The D-Community both online and offline lit up over this case, outraged over how parents could allow this to happen in today’s world, when the effects of DKA and untreated type 1 are well-known.

The law may dictate here that the Neumanns relied too much on faith healing, but what about other parents who have no idea what diabetes symptoms look like and just miss the diagnosis and don’t call a doctor? Could a similar suit be filed against them?

Of course it’s all a matter of severity, because once your child becomes lethargic and their legs are turning blue it is clearly time to seek medical help!

But some less severe symptoms aren’t always caught even by licensed medical professionals… so where do we draw the line when it’s not just about seeking emergency care when an issue is apparent, but rather about imposing a standard that any parent know the nuanced symptoms of undiagnosed diabetes or early-stage DKA?

 

An Indiana D-Mom’s Case

Case-in-point, from the Midwest:

A county prosecutor in northern Indiana filed felony child neglect charges in June 2013 against a Fort Wayne woman accused of withholding insulin from her 9-year-old son, who then slipped into a coma.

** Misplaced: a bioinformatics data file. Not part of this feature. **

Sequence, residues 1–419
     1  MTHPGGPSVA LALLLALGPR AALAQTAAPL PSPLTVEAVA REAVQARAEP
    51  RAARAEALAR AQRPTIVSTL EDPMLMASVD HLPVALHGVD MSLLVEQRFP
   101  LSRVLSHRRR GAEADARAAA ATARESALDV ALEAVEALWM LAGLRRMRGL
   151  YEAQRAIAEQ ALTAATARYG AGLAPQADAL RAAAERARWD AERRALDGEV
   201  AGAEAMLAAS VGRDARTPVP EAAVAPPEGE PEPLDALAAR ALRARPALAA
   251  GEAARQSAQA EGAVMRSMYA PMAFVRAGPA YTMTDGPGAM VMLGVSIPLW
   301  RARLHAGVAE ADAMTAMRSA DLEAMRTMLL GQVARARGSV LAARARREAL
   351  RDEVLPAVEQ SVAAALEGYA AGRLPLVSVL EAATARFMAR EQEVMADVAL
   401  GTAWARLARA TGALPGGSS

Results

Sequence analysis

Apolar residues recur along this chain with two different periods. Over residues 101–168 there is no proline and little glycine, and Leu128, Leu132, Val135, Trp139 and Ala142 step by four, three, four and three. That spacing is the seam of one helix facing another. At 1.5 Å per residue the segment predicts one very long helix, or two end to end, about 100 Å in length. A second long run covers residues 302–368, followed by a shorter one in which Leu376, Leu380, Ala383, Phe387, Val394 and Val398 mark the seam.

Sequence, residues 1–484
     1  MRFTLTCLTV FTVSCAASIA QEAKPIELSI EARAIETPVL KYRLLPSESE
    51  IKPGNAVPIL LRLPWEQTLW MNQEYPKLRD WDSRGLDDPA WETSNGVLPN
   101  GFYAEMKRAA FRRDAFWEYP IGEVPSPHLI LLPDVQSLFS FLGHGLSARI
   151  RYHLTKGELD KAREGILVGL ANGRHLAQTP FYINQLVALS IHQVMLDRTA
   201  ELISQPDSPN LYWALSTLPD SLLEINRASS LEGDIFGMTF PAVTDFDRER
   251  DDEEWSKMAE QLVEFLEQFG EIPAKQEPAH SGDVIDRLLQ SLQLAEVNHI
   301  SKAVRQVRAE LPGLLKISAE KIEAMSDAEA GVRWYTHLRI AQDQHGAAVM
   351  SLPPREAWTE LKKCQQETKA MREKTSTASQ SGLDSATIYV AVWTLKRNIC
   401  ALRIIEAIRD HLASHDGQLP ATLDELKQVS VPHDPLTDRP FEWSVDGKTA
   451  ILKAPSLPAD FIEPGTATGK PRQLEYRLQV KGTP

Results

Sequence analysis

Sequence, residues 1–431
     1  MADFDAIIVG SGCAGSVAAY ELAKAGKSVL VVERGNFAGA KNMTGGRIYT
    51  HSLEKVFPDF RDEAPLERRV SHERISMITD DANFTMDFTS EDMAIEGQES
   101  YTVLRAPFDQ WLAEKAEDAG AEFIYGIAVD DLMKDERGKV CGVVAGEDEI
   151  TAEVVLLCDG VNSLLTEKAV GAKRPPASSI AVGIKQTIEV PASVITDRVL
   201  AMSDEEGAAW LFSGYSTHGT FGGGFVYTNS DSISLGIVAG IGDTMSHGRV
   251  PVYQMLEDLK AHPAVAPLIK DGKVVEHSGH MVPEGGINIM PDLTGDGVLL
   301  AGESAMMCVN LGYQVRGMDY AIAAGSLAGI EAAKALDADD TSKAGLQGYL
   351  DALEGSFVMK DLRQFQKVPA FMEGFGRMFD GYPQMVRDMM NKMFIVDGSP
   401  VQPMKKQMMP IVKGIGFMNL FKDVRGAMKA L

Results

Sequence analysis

We could only find one news story online about this, although D-Dad Tom Karlya wrote about it too. Unconvinced by the newspaper story, we obtained a copy of the prosecutor’s charging documents and was pretty shocked to see how flimsy the case appears to be against 27-year-old Mary Gene Markley.

Apparently, officers determined she was lying about checking her son’s blood sugar three times a day because they checked the Accu-Chek Aviva meter she had and it hadn’t been used since 4 days earlier… There was no mention of other meters she may have used. Another adult that she’d been staying with since mid-April did tell investigators that she’d never witnessed Markley giving the boy insulin or checking his BGs, and that she hadn’t seen any “insulin items” in the trash. The boy had been ill and was vomiting leading up to his being taken to the hospital, where the police were called.

So when things got rough, with the vomiting, this mom did bring her boy to the hospital. But just based on those few points above, the mother was accused of “withholding insulin” and charged with criminal neglect.

For the record: Later that summer in August 2013, the Indiana mom pled guilty to a lesser felony and received a suspended, 1.5-year sentence (i.e. probation) from the county judge. So it seems the courts did hold her guilty of neglect at least at some level.